There are numerous other reasons why the CLMV countries should emulate their predecessors. It is almost certain, for example, the CLMV countries could not have anticipated the multitude of ASEAN+1 FTAs they would be dragged into after joining ASEAN. Unless the multilateralisation approach is employed, this is a disaster in the making. It is simply fantastic to expect these countries to effectively implement a system whereby six or more tariff rates can apply to each tariff line, depending on rules of origin that can also differ by source. This is underlined by the fact that the completion dates for the CLMVs vary across FTAs. In this environment of confusing but proliferating ASEAN+1 FTAs, advocacy of the multilateralisation approach has shifted from one which relies on the merits of avoiding trade diversion to one focused on necessity and practicality, recognising domestic administrative and bureaucratic-capacity constraints. These countries would be best-off consolidating all of these preferential and MFN rates around the prevailing lowest rate, which is likely the CEPT rate.
But these countries have a choice, and unlike their predecessors, they have chosen against the multilateralisation approach. The question is, why? One reason could relate to concerns over potential loss in government revenue. Unlike the original ASEAN members, the CLMV countries continue to derive a significant share of government revenue from trade taxes. Retaining a multiple-rate tariff regime is being pursued in an attempt to offset, or mitigate, the anticipated revenue losses associated with AFTA and other FTAs. But is this expectation valid? What are the likely revenue impacts of the multiple-rate system compared with the one-rate system?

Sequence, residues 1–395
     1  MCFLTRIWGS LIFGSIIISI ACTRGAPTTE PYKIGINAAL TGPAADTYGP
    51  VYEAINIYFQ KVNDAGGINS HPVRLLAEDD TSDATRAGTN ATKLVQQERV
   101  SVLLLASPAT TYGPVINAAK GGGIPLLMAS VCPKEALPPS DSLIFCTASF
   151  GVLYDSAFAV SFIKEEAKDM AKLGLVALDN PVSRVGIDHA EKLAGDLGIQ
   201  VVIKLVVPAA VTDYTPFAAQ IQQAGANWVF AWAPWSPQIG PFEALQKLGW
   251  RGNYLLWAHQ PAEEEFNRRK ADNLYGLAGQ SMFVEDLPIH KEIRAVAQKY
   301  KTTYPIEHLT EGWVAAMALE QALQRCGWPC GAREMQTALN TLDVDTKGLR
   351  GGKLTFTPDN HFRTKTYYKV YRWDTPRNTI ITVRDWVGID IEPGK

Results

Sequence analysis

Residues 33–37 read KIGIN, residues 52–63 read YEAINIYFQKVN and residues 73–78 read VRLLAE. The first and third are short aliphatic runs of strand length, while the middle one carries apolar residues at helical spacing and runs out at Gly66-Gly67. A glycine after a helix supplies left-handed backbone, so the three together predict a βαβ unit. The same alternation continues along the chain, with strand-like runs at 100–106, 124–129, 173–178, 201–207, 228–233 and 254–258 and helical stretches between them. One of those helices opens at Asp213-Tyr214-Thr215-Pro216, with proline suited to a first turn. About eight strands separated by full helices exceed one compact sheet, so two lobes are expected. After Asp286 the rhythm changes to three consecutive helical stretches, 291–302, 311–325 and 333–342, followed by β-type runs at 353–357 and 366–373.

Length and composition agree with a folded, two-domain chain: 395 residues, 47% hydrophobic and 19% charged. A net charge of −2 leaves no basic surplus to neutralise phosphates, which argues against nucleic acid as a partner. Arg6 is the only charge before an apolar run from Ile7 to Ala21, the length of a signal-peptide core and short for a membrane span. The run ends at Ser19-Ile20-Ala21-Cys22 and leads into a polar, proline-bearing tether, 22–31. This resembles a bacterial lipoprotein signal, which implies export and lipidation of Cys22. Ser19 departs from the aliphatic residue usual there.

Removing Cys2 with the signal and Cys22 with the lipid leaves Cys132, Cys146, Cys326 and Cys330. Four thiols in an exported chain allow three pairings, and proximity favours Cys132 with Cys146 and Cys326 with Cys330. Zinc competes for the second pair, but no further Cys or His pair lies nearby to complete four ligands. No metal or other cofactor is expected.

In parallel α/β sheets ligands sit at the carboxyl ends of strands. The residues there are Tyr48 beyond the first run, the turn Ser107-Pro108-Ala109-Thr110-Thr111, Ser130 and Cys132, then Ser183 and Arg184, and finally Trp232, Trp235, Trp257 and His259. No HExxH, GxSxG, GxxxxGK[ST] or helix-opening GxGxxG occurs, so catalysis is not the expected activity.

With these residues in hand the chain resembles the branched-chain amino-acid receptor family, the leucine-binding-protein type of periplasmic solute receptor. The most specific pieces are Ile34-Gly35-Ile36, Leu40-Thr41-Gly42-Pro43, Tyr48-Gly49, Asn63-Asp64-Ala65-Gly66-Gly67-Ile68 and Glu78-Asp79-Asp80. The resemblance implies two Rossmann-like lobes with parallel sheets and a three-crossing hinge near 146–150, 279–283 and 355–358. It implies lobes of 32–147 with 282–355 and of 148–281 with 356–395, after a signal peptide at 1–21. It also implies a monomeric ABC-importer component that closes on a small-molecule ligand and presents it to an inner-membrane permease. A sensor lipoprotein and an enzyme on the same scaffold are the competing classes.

If the multiple-rate system is going to be effective in practice, and offset revenue loss, then customs authorities will have to implement rules of origin to determine what rate should apply to each import. Doing this accurately is very difficult for any country, given globalisation and the fragmentation of production, but it will be close to impossible for the new ASEAN members, given limited capacity and resources. Additional tariff revenue will only be collected if FTA members are levied the higher preferential rate, when they exist, or if non-member country imports are levied the higher MFN rate. But if there is a significant difference between the two rates there will be a strong incentive for trade deflection. Additionally, creating a system whereby multiple tariff rates can apply to each tariff line increases the potential for rent-seeking behaviour, and a higher MFN rate compared with the many preferential rates would provide new opportunities for corruption.
In sum, the multiple-rate system is a second-rate system compared with the multilateralised single-rate system because it is more costly to administer, economically distortionary and therefore welfare-reducing, and unlikely to significantly affect government tariff-revenue collections. It would almost certainly lead to increased rent-seeking behaviour as well. The CLMV countries should follow the original ASEAN members and multilateralise their CEPT tariff preferences and the sooner the better. Looking into the future, both old and new members should also be doing the same with the ever-increasing number of ASEAN+1 agreements.
Jayant Menon is Lead Economist (Trade and Regional Cooperation) at the Asian Development Bank.